Displacement and return in Colombia
by December 2009

Colombia is in the throes of one of the world’s largest crises of internal displacement. Since the mid-1990s, more than 3.2 million people have been displaced. On average, between 2000 and 2009 300,000 people a year fled in search of protection. In 2008, 294,000 left their places of residence. In late 2008, the government estimated that nearly 40,000 households (176,000 people) had returned to their places of origin with the accompaniment of the authorities.

 The official Information System on the Displaced Population in Colombia is one of the most highly developed such systems in the world (www.accionsocial.gov.co). However, it does not include data on households that have achieved lasting solutions through their return. The precariousness of figures on returns generates a distortion: there are estimates of the number of people who have been displaced, but not of how many of them remain in displacement. The absence of such information creates a gap in protection to the extent that little is known about the conditions in which returnees are living.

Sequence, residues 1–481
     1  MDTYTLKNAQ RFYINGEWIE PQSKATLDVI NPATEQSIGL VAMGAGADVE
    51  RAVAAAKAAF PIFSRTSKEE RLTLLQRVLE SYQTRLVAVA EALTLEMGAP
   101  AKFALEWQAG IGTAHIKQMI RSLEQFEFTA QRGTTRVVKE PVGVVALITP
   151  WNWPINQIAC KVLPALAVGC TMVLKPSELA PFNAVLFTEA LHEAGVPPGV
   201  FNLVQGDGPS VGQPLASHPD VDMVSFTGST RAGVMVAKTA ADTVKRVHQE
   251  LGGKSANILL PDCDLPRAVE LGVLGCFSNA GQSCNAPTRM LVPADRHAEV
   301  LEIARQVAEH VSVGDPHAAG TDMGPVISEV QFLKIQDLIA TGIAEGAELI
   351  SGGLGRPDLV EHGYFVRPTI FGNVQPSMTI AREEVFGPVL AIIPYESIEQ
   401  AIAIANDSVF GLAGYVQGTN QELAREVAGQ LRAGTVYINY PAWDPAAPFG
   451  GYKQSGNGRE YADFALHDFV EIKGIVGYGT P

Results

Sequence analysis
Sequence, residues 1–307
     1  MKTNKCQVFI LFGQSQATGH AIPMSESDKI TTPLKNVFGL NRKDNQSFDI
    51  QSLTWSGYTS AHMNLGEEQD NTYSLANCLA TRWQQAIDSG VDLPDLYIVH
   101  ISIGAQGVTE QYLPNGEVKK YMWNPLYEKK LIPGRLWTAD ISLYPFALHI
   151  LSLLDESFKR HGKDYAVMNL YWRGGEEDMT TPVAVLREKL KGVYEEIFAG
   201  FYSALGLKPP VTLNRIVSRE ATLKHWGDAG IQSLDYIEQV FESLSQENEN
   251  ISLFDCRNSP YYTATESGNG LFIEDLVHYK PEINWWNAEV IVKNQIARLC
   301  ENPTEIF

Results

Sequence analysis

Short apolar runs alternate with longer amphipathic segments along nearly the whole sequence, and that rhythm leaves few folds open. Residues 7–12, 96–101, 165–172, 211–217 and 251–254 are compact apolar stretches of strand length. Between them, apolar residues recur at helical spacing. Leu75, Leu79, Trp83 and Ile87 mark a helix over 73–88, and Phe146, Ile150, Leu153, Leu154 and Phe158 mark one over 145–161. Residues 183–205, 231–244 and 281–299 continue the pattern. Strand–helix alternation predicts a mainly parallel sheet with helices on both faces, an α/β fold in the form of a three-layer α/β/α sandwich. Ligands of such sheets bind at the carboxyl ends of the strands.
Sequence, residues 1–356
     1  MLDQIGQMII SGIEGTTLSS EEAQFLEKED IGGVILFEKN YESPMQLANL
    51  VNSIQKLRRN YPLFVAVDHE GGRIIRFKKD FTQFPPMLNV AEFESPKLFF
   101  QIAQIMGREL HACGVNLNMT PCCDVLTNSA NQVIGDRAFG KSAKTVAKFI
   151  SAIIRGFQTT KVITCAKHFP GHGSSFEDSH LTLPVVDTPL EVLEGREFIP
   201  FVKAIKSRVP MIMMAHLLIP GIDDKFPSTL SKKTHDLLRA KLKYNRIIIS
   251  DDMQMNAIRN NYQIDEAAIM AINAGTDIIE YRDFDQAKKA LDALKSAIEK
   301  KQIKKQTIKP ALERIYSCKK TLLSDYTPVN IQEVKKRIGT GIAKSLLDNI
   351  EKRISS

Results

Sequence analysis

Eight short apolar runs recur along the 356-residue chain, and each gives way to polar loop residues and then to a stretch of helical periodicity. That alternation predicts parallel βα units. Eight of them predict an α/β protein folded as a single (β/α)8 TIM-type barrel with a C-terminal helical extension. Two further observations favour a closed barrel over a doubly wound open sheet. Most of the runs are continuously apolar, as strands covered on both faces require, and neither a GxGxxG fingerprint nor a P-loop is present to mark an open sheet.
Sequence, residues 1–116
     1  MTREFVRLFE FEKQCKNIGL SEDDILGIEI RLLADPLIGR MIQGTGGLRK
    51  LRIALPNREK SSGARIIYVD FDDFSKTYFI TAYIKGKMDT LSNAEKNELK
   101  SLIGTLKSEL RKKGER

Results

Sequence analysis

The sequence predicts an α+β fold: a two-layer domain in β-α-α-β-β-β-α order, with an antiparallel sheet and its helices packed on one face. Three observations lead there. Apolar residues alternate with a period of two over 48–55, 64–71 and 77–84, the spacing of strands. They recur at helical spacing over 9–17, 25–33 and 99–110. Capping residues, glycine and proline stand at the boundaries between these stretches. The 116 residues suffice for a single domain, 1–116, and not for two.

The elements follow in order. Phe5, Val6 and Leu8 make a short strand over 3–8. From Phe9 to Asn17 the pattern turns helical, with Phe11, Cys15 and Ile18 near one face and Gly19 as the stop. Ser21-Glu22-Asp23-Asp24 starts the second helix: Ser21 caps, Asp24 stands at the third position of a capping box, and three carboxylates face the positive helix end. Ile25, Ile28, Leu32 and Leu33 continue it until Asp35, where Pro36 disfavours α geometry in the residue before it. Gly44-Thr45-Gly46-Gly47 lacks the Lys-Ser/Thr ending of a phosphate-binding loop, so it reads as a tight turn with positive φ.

The government’s returns policy

Thirteen years after Colombia enacted a law on displaced persons (Law 387 of 1997), state policy regarding return has yet to be consolidated. In 2006, the Constitutional Court identified lack of security as one of the gravest defects of the returns policy. Flaws in the implementation of this policy persisted in 2008, leading the Court to order once again that these problems be corrected (the ruling is Auto 08 of 2009). In response, the government presented the general guidelines of its policy on returns in October 2009. The government bases its policy on six axes: (i) security; (ii) participation by the displaced population; (iii) recognition of different needs – of women, boys, girls and adolescents, indigenous people, Afro-descendants and the disabled; (iv) coordination between the central government and municipalities; (v) information systems to guarantee follow-up on the policy and to evaluate progress in stabilising communities; and (v) effective enjoyment of rights (goce efectivo de derechos or GED in Spanish).